Divine Judgment in Scripture: A Brief Look at Issues and Language

In my blog post titled ‘Three Reasons to Reconsider Universalism’, I claimed that Scripture itself does not eliminate the possibility that eventual universalism is actually God’s plan for angels and humanity. In this post I will very briefly glance at the theme of judgment in the Bible.

Concerning judgment, suffice it to say that judgment is not intrinsically incompatible with future salvation of one punished. In order to speak to the permanence of a judgment of God, we need more information than simply that there is a judgment. We need a description of that judgment.

Does the Biblical concept of judgment point to particulaism (i.e., only a particular group of people, rather than all people, will ultimately be gathered into the presence of God)? Well, considering the fact that Paul pointed to believers as being judged, I would say, ‘not necessarily.’ Judgment seems to me not a theme speaking to salvation or non-salvation, but a theme speaking to ethical conduct that conforms to living out the kingdom of God by the enabling ministry of the Holy Spirit. (See especially Ecclesiastes 12:13-14, Romans 8:13, 1 Corinthians 3:10-15.) Such an approach does much to redeem the judgment of God as a merciful quality, rather than an action that divorces his decrees from his love for the sinner.

One of the difficulties about the descriptions one might expect to find for the judgment of God on those who do not submit to the Spirit in this life is that most of the alleged descriptions occur in material whose best genre could be called something resembling ‘parable’, ‘allegory’, or ‘symbol.’ This is especially true of the story of Lazarus and the Rich Man in Luke 16, the parables of Jesus, and many of the of the images in Revelation. (How concrete would any description be in a book that says a sword is in Jesus’ mouth?)

And then there is also the convenient difficulty of the Greek. How ought it to be translated? Eternal? Divine? Age? World? Etc. One’s interpretation of the Greek language itself has seemed in my limited study to have a profound affect one how one interprets the images of judgment and lostness in the New Testament. For William Barclay, the Greek word αιονιος (aionios) seems best interpreted as a Divine attribute. Something is aionios to Barclay if it is a kind of action attributable only to God. For Pastor Gregory Boyd, an advocate of conditional immortality (the damned cease to exist), aionios is clearly a term that does not place restrictions on how it is interpreted to refer to time. (See Jonah 2:6 or 7, depending on which Septuagint you are reading, to see a time in the Greek OT that aionios does not mean ‘forever’ or ‘everlasting.’)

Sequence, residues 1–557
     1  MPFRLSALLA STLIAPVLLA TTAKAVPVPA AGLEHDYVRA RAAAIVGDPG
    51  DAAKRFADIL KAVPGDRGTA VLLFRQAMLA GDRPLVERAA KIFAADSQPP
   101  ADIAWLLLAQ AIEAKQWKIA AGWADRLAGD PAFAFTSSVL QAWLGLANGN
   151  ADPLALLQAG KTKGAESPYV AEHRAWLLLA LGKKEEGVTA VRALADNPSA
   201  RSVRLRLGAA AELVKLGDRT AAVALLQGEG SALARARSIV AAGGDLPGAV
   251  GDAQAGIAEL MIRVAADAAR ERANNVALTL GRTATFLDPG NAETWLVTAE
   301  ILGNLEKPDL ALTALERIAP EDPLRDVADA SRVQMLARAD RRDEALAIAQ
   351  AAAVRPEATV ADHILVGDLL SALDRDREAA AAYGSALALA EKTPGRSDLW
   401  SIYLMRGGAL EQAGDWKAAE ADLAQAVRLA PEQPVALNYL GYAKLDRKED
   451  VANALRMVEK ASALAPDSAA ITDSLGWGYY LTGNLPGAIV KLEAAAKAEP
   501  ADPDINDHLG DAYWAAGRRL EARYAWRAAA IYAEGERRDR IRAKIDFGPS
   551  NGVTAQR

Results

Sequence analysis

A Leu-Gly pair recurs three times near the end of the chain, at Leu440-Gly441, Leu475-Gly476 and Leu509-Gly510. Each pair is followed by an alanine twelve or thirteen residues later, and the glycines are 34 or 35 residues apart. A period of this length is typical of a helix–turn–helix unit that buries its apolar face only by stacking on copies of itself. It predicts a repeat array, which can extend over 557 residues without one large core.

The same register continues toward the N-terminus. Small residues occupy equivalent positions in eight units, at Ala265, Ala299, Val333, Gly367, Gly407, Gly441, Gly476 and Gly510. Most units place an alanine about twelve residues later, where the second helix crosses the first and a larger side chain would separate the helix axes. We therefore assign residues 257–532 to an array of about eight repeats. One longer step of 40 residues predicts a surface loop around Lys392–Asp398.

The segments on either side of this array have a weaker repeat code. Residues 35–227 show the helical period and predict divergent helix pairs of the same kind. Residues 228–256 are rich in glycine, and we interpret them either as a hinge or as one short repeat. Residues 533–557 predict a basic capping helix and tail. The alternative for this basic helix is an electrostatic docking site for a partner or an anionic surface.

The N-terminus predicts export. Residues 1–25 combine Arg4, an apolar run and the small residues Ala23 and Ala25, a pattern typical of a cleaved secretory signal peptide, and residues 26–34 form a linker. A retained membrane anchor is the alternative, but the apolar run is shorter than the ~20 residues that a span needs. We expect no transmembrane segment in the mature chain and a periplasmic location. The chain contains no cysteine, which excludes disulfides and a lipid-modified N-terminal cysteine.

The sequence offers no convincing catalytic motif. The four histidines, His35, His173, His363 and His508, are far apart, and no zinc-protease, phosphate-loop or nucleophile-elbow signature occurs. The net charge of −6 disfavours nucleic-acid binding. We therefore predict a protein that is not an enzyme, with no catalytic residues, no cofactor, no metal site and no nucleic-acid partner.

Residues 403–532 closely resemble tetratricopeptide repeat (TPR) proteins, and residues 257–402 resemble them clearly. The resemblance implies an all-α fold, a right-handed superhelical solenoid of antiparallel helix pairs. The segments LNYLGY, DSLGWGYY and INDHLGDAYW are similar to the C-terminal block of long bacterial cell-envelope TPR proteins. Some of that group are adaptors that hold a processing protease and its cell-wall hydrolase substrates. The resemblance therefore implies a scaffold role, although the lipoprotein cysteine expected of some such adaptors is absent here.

We are then caught between images and words of divine judgment. Our interpretation of the images and words of divine judgment appears at first glance to have a more profound affect on our beliefs about the nature of God’s judgment than the words in Scripture itself. It is important to keep this in mind when approaches issues like universalism and particularism. The worst thing we can do, in my estimation, is to seek to resolve the ambiguous data presented us in Scripture and ‘general revelation’ by means that constitute an obvious dismissal of that which is clear. It would not make sense to resolve confusion about the nature of the law and grace by saying that anything goes and that it does not matter how one conducts himself sexually, for example. Nor would it be reasonable–on my reading–to brand the Old Testament as non-Scripture simply because there are points at which it does not appear to cohere with the New. However one divides the word of truth, it must be divided rightly. And I argue that that will require reading it holistically, rather than twisting it to fit a rigid preconceived mold.

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